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Thursday, 19 October 2017
Page: 8084


Senator BROCKMAN (Western Australia) (15:19): I also rise to take note of answers given by the Attorney-General to questions asked during question time today. I'm not sure I have an energy policy id, but I'll try and find it later. The Labor Party are playing their usual political games in this place and in this policy space because they're incapable of delivering anything else or anything that looks like a policy. The National Energy Guarantee is designed to ensure that Australian families and businesses have access to reliable and affordable electricity whilst meeting our international commitments. For too long, governments, federal and state, have seen fit to meddle in the Australian energy market, picking winners through a vast regime of subsidies and regulation. The coalition's National Energy Guarantee brings to an end the government subsidies for energy, bringing us back to a technologically neutral energy policy which will allow energy providers to invest in the reliable base-load capacity that Australians need whilst meeting those important international commitments.

There was an interjection during the excellent contribution of Senator Reynolds that the government should be investing in batteries. No, actually—the government should never be investing in batteries or any particular technology. What we should do is have a technologically neutral policy, which we have for the first time in a long time. This policy will provide power generators with the certainty they require to invest in the latest technology, be it batteries or the next generation of low-emission, high-efficiency coal—or who knows? Perhaps one day Australia will see investment in fourth-generation nuclear. Thorium power inches closer to commercialisation. It will no longer find itself at an unreasonable competitive disadvantage in the future, and we may see investment in that area. Similarly, we may see a breakthrough in fusion technology. Who knows what the future will hold in 10 or 15 years? That is why we need a completely technologically neutral policy. We don't want to pick winners. We need to let the energy market make those decisions on a source of supply whilst maintaining reliability. We can't have the blackouts. These cutting-edge low-emissions technologies can produce cheap, reliable energy for Australia for generations to come. It is not acceptable that a country as prosperous and energy-rich as Australia faces a second summer in a row of potential brownouts, blackouts and energy rationing in South Australia and across the eastern seaboard. Reliable and cheap energy is the cornerstone of Australia's economy, and virtually every sector is completely dependent on the provision of this as a basic part of operating.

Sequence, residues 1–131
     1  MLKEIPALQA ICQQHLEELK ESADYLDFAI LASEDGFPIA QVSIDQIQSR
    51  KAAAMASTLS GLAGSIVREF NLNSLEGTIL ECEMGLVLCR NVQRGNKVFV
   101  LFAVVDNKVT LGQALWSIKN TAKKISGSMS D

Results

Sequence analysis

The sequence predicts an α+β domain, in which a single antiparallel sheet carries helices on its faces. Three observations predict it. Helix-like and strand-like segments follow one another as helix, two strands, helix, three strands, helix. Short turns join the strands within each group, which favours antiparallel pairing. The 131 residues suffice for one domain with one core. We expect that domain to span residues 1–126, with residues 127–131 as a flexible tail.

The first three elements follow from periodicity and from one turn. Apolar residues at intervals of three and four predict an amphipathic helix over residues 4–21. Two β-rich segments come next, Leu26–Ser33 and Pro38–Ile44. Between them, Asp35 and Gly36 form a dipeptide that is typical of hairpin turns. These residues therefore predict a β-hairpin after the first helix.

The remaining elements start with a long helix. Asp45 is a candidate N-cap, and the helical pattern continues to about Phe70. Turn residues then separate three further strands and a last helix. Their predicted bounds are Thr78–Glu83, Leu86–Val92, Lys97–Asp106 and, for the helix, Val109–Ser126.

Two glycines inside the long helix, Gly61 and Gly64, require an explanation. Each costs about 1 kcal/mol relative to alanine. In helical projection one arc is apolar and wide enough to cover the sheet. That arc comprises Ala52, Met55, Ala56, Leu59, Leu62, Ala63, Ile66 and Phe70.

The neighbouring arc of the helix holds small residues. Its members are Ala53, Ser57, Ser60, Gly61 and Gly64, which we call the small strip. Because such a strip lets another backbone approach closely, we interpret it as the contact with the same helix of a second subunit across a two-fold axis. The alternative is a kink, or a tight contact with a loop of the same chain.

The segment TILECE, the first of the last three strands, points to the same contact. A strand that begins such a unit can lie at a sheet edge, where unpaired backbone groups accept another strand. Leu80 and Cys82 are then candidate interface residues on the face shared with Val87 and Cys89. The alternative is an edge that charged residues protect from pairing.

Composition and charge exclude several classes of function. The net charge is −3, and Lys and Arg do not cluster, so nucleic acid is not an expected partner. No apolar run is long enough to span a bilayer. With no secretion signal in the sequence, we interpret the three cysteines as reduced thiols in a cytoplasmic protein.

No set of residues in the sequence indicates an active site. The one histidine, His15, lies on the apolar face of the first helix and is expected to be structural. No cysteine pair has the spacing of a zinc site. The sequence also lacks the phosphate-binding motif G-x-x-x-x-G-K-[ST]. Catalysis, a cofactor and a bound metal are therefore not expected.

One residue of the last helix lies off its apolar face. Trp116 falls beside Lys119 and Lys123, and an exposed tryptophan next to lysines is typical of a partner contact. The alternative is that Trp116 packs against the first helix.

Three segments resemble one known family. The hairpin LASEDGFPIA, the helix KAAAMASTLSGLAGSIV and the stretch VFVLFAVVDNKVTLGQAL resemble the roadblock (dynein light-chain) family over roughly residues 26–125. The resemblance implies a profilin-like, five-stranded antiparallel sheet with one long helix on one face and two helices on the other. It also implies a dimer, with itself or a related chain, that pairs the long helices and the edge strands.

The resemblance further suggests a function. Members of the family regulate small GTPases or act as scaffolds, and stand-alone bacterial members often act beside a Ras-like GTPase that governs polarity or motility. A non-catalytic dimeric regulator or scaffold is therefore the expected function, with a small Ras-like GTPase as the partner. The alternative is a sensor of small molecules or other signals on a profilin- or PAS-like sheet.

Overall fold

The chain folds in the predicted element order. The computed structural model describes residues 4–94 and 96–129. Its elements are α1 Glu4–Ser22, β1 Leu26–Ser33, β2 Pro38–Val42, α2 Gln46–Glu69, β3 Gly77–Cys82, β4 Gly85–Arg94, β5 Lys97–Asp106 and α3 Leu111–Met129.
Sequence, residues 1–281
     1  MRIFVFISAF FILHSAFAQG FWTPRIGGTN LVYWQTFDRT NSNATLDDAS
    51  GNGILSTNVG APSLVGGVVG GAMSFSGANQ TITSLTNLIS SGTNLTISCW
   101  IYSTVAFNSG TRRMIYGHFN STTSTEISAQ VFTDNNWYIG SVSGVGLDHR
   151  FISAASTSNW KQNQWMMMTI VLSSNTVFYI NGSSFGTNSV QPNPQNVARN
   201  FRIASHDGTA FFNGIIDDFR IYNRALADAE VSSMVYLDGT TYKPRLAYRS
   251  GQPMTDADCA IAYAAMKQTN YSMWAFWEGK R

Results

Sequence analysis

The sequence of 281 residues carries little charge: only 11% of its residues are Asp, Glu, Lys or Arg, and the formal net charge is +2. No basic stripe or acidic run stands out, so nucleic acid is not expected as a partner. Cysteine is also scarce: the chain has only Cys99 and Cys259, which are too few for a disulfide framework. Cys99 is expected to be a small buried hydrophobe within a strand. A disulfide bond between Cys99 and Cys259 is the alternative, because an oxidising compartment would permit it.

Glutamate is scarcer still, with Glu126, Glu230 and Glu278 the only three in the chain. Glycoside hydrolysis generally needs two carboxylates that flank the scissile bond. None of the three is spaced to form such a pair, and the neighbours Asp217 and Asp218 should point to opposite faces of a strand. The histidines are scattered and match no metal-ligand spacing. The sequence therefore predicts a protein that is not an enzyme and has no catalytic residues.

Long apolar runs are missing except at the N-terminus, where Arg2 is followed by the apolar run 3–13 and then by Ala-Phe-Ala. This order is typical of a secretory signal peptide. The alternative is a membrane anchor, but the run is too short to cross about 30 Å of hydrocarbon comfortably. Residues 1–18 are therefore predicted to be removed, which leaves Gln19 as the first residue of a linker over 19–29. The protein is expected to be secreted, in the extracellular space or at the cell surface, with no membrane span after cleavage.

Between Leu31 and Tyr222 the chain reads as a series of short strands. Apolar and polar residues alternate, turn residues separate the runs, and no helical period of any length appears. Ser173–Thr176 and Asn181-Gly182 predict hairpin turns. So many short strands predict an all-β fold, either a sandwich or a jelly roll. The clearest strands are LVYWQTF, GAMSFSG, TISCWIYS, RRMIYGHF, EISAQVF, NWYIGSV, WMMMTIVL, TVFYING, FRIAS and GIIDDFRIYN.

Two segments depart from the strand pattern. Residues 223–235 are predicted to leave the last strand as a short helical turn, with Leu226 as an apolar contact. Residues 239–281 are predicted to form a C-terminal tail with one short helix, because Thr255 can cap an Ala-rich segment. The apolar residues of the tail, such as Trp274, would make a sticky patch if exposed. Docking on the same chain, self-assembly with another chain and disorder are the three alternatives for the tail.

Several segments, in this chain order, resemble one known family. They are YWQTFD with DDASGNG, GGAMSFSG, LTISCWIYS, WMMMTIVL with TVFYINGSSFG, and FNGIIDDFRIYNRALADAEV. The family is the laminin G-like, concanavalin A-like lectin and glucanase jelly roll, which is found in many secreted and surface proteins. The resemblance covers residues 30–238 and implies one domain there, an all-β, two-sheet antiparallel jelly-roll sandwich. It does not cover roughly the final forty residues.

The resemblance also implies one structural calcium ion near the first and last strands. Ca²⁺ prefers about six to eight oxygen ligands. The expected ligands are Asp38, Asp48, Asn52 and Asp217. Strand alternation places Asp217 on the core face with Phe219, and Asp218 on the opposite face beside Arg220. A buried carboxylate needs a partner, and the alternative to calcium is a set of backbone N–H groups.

Those opposite us have done nothing in this space. We saw the Leader of the Opposition out yesterday playing games again, manipulating numbers to suit his own agenda while offering no solutions whatsoever. It's clear that Labor has no plan for energy. Senators opposite prefer to sit on their hands as their colleagues in South Australia and Victoria take a wrecking ball to energy infrastructure, with no plan to address the shortfall in base-load capacity. Those opposite bemoan the demise of the Australian manufacturing sector, once a pillar of our economy. Yet how can we have a manufacturing sector unless we can deliver reliable and affordable electricity? When it comes to energy security, Labor simply cannot be trusted. Whilst senators opposite will no doubt jump up and down bemoaning the end of the grandiose regime of renewable energy subsidies that have strangled our energy sector, I remind them of the words of the Chief Scientist, Alan Finkel, who this week described our plan as 'a credible mechanism'. That's what the sector needs. It needs credibility, it needs security of policy and it needs an end to the game playing. Don't just take Dr Finkel's word for it when it comes to subsidies; perhaps also listen to the words of our colleague Senator Di Natale, who said: 'It's cheaper to build wind power than to build coal-fired power.' If this is true then there's no reason not to end the subsidies.

Only the coalition government has a plan to ensure Australians have access to reliable and affordable electricity while continuing to meet our international obligations for emission reductions. Labor have no plan for reliable energy. They refuse to prioritise affordability and reliability, ignoring the advice of energy industry experts. They are addicted to the reckless renewable energy targets that would drive up prices and undermine reliability. (Time expired)